Phoenix GroupOct 19 2022

Quarter of workers unaware of workplace pension contributions

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Quarter of workers unaware of workplace pension contributions
Pexels/Alaur Rahman
BySonia Rach

Two in five (43 per cent) pay in the minimum amount while 13 per cent pay the amount their employer recommends.

The research found that men are more likely to increase their contributions than women (33 per cent vs 25 per cent), as are younger age groups.

Some 33 per cent of 18-34 year olds regularly pay in more than the minimum, compared to 28 per cent of 35 to 54 year olds and 22 per cent of over 55s.

Among those who have increased their contribution levels, nearly half (44 per cent) said they do so because they want to put as much as they can afford into their pension for their future. 

Almost a fifth (18 per cent) want to benefit from compound interest, and 17 per cent pay in more because they received a pay rise.

 Holt said: “Households are currently facing huge financial pressures, and it’s understandable that many people are struggling to balance short and long-term financial priorities.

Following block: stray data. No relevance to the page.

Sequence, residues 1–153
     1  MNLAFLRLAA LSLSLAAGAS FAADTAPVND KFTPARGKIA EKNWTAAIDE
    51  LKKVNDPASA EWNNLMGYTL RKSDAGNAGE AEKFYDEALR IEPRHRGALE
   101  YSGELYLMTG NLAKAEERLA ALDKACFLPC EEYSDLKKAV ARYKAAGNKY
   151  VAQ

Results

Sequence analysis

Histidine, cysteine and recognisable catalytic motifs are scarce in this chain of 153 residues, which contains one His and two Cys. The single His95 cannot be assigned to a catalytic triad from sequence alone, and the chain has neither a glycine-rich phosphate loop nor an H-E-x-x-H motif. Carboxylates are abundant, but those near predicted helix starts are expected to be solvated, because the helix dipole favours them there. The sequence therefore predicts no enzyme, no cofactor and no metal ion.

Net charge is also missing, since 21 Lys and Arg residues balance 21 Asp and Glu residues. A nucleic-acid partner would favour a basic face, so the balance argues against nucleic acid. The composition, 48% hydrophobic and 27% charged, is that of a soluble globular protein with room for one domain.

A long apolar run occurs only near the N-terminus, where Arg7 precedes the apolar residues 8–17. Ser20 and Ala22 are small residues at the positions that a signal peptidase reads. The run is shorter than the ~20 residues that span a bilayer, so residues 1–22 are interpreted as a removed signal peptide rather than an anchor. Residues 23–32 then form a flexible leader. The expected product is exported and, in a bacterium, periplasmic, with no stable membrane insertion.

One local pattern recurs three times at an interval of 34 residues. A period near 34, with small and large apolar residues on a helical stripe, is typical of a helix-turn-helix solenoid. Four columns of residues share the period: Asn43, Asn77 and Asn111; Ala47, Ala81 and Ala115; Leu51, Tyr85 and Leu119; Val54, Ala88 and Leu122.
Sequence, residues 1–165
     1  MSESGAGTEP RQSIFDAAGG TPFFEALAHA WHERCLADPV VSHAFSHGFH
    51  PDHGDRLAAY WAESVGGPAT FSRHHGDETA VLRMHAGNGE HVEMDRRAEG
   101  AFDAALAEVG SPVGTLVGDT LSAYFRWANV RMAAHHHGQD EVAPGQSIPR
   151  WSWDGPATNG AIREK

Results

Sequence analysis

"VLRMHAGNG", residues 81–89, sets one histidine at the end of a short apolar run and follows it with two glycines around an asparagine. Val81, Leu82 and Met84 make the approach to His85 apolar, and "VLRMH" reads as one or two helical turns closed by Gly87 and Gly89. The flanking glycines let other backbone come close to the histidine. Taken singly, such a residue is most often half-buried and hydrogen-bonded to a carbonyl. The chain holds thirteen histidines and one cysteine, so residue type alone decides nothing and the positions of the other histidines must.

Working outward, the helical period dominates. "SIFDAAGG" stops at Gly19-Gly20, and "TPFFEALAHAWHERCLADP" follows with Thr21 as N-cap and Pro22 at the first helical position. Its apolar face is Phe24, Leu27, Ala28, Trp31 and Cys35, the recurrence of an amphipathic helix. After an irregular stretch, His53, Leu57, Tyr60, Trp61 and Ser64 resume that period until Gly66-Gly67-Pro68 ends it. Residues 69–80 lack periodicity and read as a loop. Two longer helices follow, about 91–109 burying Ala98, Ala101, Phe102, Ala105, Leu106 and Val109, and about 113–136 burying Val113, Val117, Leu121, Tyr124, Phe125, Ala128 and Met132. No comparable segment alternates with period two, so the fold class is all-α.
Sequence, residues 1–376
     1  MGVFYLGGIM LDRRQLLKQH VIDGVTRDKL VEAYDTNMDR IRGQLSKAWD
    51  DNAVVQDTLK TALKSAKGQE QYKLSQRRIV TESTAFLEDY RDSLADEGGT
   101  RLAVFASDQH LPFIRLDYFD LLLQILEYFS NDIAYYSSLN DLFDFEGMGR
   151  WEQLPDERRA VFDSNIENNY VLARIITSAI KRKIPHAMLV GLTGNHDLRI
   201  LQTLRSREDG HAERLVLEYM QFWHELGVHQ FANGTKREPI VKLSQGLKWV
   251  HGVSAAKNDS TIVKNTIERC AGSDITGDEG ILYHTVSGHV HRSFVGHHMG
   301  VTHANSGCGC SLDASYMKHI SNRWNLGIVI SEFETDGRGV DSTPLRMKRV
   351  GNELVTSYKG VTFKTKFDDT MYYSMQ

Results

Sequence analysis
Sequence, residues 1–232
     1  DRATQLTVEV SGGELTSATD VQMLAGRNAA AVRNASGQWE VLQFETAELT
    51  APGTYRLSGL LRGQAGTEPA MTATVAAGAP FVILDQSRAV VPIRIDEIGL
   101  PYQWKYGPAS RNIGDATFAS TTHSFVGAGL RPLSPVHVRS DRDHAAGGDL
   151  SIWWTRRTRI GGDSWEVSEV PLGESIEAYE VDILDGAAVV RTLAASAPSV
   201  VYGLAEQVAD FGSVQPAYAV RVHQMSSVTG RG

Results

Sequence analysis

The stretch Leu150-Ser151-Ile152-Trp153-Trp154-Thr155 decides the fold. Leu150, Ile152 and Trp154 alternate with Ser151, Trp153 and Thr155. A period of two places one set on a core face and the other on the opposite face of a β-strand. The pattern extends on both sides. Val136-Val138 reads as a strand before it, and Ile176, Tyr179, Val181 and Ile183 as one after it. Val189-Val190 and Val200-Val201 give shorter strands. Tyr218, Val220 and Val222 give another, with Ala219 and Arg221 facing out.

“However, if your finances permit and it’s appropriate for your circumstances, the sooner you engage with and begin to contribute to your pension, the better your ultimate retirement outcome will be.”

When it comes to those who knew they could increase their contribution levels above the auto-enrolment minimums but choose not to, 39 per cent said this is because they can’t afford more than the minimum amount.

Over a quarter (26 per cent) are putting their savings towards other investments instead, such as buying a house, and 19 per cent need to use the extra money towards looking after their family. 

But 15 per cent prefer to use any extra money on enjoying themselves, and 12 per cent said they have never got round to it.

Holt added: “For those in a position to do so, such as when you receive a pay rise or bonus, then using that extra income to top up contributions can be beneficial in the long term as the impact of compound interest is much more significant and can result in a much larger retirement pot.”

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